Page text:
As a comic, Wanda Sykes is known for being completely candid. But it wasn’t until she was honest with herself that she found true happiness. In this essay, she explores that journey.

By Wanda Sykes, as told to Jennifer Ferrise
May 13, 2021 @ 9:00 am
Advertisement
Wanda Sykes
Wanda and Alex Sykes in 2020.
| Credit: Courtesy Wanda Sykes

The word "pride" means so many different things to me. I'm proud of my family. I'm proud of my faith, which has held things together for me when people said I wasn't in line with God. I'm proud of my friendships. Most of my friends I've known since junior high school, and they keep me grounded and call me out on my crap. I'm proud of my work and the fact that I was in a movie called Pootie Tang and I'm still around to talk about it.

But to be honest with you, whenever someone says "pride," the first thing I think of is the giant rainbow flag that's always up at Fire Island [N.Y.] in June. That's where my wife, Alex, and I met [in 2006], and now we go there every summer because there's such a sense of community. It's all about being exactly who you are and embracing it.

After I met Alex, I remember asking my publicist if I needed to publicly come out, and she said, "Well, everyone who you work with knows, and anyone who comes in contact with you knows. So if you want to do a big interview like, 'Hey, I'm gay,' you can, but it's probably going to happen more organically." And sure enough, it did. I was at a [marriage equality] rally in 2008, and I was put on the spot and called up onstage to say a few words. I had nothing prepared, but I'm known to wing it, so I just came out right then. And the next thing you know, it was on CNN.

I'm glad that's how it happened because it was all about acceptance. I said, "This is who I am. Why am I trying to be something else? It's making me miserable, and I deserve to be happy." We all deserve to be happy, and we're all unique, so we should celebrate that. Once I made that decision, it was so liberating. I have always been honest with my opinions in my stand-up, but finally I was able to turn it around on myself. I think it shows in my work and in all other aspects of my life too.

Wanda Sykes
Wanda and Alex Sykes in 2020.
| Credit: Courtesy Wanda Sykes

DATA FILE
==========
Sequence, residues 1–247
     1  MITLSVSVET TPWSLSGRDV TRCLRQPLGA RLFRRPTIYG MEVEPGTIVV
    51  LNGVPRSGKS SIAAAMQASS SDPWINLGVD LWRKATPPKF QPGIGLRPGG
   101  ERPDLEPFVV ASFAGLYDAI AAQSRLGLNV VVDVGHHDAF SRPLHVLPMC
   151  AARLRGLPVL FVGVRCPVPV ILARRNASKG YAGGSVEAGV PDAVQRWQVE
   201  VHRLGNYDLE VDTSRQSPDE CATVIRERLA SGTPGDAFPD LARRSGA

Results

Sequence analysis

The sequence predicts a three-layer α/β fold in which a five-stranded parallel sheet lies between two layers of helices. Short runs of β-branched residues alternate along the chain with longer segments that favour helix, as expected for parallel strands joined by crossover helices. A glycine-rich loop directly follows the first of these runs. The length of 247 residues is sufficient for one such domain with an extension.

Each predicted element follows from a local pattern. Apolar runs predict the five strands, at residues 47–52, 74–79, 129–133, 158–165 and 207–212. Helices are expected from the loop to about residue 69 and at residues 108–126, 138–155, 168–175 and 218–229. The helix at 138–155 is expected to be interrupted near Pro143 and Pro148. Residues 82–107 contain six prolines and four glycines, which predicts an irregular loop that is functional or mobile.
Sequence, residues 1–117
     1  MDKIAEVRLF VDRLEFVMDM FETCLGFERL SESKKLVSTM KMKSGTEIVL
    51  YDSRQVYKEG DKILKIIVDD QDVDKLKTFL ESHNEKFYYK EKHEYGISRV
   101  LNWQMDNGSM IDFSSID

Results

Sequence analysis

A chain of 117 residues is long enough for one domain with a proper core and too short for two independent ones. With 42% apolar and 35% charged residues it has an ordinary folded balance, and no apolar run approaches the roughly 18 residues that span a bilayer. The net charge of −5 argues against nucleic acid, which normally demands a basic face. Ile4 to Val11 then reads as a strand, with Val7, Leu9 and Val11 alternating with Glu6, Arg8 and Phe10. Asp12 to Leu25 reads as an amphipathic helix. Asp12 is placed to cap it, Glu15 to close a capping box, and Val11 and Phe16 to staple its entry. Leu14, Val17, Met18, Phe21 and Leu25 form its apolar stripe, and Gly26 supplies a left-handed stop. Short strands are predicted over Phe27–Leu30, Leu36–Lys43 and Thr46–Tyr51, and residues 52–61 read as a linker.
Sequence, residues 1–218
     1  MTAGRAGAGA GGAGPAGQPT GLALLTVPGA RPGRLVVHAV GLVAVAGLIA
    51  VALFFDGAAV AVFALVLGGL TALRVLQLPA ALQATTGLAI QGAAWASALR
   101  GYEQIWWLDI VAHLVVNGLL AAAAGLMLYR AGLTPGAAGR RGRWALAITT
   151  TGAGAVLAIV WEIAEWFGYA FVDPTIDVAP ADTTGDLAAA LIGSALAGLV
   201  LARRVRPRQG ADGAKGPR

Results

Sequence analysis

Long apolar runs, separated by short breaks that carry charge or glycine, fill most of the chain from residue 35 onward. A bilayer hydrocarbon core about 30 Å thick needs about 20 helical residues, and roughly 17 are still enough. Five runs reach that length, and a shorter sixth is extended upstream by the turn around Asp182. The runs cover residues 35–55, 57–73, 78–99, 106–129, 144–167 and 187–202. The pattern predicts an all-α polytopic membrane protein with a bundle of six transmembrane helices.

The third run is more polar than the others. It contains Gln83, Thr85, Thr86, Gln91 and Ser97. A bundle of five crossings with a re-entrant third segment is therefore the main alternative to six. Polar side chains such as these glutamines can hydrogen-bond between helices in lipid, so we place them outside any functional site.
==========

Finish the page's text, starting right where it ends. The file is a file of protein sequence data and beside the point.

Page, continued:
One of my proudest moments was being the first Black woman to host the White House Correspondents' Dinner [in 2009]. Alex had just given birth to our twins [Lucas and Olivia], so it was a crazy time and we weren't getting any sleep. But to go into that room in front of Barack Obama, the first African American president, and do my thing and then get to go back to my hotel room and hold my two babies next to my wife was pretty crazy and incredible.

Motherhood wasn't something I always knew I wanted though. When I was younger, for some reason I sort of always thought I would be a single mother, and then I didn't know if I would have kids at all. But after I met Alex, it was like, "Of course. Why not?" She is French, and we are very different, but I think we complement each other in all the best ways. For example, she likes to travel, and I have money. I'm probably going to get into trouble for that one. But really, we both have good hearts and always just try to do the right thing. And after 12 years of marriage, we still have so much fun, especially doing the little things like dancing around the kitchen together.

As parents, we're a team. Whenever there is an area where I might be lacking, she covers me, and vice versa. We always have each other's backs, and I think that's been really huge in our relationship. Our kids are 12 now, and I am so proud when they're being kind, polite, and respectful. But mostly they speak TikTok, so I have no idea what they're saying. They're still not old enough to watch my stand-up specials, but their friends come back and tell them things they heard from their parents. So they've kindly asked me to go easy on them [in my act]. I can already see that my son is the other comedian in the family, and my daughter loves to sing and dance. I'm not encouraging any of it yet.

I think that things are definitely changing for younger generations, but for people my age, most of us have had to create our own families because our real families weren't that accepting of our relationships. But Alex and I always take care of each other and our kids, and most of all, I'm incredibly proud of that.

Sykes is the co-creator, executive producer, and star of The Upshaws, streaming now on Netflix.

For more stories like this, pick up the June 2021 of InStyle, available on newsstands, on Amazon, and for digital download May 21st.